The ongoing attack on public education is prompted by fear, orchestrated across state lines and fueled by money, participants at the 2022 Cooperative Baptist Fellowship General Assembly learned.
But supporters can make a positive impact for the greater good on multiple levels, Sharon Felton, Rachel Gunter Shapard and Cameron Vickrey said in a workshop titled “Save Our Schools: How Individuals and Churches Can Advocate for Public Education.”
“There are so many reasons people are told to be afraid of public schools,” reported Vickrey, director of communications and development for Fellowship Southwest and former associate director of Pastors for Texas Children. “I’ve found my peers finding every excuse not to send their children to public schools. … This has created a cultural crisis.”
“In 2011, I started hearing grumblings in public education about standardized testing. People said it’s almost impossible for students to pass, and then schools were labeled as failing. So, there was incentive to move students into private schools,” said Felton, an associate pastor at Faith Baptist Church in Georgetown, Ky., and a founder of Pastors for Kentucky Children, but at the time an associate pastor in Texas.
When she moved from state to state, she heard the same criticisms of public schools, “Texas and Kentucky are kind of different,” she observed, noting the duplication of criticism piqued her curiosity. “I found out there is a (widely distributed) playbook for complaining about public schools. … The American Legislative Exchange Council is pouring money into defunding public education.”
“I found out there is a (widely distributed) playbook for complaining about public schools.”
“Public education educates every kid — for free,” she added. “So, it’s all about the money, and there’s a lot of it up for grabs.”
Shapard, a regional vice president of Together for Hope and a founder of Pastors for Florida Children, illustrated the corruption of siphoning money away from public education and its devastating effects on children.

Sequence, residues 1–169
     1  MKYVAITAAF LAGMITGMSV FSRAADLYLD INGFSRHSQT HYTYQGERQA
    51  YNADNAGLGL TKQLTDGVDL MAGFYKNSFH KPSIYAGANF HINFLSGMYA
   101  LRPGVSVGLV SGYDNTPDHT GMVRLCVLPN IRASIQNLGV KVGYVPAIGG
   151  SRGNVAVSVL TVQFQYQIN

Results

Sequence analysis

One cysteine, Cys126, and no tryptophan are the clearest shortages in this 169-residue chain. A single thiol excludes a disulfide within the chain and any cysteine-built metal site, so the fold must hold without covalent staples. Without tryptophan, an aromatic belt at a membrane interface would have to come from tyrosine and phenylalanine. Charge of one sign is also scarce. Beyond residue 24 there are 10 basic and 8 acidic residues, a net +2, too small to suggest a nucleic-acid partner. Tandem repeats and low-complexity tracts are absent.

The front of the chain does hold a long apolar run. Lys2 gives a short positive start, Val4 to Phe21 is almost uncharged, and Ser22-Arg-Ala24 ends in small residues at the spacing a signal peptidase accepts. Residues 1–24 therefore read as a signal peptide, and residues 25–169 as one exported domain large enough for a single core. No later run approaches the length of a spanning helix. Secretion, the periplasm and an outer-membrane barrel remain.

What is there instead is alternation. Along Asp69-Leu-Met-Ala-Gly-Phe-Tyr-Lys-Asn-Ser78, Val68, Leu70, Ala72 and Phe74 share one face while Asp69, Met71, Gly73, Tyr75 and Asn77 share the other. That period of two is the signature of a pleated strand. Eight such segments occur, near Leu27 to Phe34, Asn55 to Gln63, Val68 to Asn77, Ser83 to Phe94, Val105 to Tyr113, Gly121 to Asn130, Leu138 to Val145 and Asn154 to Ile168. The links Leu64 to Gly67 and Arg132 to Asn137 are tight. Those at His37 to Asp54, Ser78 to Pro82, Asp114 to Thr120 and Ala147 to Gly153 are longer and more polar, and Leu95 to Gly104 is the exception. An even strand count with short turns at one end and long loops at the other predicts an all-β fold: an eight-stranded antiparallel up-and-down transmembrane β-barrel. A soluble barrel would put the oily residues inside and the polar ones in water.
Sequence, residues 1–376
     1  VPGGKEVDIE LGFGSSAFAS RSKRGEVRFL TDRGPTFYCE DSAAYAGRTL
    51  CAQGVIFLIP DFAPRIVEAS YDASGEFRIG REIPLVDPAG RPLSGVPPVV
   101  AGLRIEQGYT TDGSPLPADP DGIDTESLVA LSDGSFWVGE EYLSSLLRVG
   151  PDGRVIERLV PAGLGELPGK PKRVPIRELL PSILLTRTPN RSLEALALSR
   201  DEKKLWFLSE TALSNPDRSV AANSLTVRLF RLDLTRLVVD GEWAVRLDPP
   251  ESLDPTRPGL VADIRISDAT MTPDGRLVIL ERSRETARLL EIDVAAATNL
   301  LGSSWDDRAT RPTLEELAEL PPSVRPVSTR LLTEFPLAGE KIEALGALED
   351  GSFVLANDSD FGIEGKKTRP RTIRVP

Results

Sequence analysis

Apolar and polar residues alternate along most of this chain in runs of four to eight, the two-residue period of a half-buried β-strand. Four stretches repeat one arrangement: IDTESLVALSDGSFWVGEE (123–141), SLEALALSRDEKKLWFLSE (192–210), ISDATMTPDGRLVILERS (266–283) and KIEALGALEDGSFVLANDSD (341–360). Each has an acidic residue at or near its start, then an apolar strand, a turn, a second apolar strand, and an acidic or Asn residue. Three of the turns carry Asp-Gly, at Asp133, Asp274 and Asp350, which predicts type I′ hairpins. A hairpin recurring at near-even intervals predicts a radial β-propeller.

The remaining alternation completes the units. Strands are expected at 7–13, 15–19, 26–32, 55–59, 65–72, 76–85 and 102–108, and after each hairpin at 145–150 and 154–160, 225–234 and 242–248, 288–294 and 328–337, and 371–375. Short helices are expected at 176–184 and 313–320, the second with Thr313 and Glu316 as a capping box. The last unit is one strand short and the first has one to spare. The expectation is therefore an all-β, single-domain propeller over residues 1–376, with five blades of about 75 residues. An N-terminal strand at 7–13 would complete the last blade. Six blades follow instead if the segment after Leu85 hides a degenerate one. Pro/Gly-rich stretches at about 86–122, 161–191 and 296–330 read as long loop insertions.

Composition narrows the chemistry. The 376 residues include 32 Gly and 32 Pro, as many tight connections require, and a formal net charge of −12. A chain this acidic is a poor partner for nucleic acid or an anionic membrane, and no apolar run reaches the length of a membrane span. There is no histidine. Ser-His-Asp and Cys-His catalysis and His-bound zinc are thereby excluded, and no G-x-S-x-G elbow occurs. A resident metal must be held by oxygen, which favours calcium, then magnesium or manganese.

She told about a boy — “the student who always tried the hardest” — from a poor Florida family who was recruited to attend a voucher-funded school the last two years of high school. A mentor who cared about him discovered the school located in run-down church facilities. All the teachers were members of the church, and none had teaching certificates and classroom experience.
After graduation, the church’s pastor and wife pressured the boy to attend a private university, where he piled up debt but learned he was not prepared to succeed, she said. When he returned home, a university that specialized in helping students like him thrive told him they could not admit him, because his high school did not prepare him for college.
“This is what is happening on the ground in a school with vouchers,” Shapard said. “Our tax dollars were funneled to this school, which was created to keep this church alive. Basically, they forced him to go to a private school. He came home with load of debt. Then he was unable to get in a school that could have helped him.”
“Our tax dollars were funneled to this school, which was created to keep this church alive.”
The voucher system, which siphons funds from public to private schools, let down this young man and thousands like him, she said, adding: “Our legislators allowed this to happen. … We did this to this young man. We allowed this to happen.”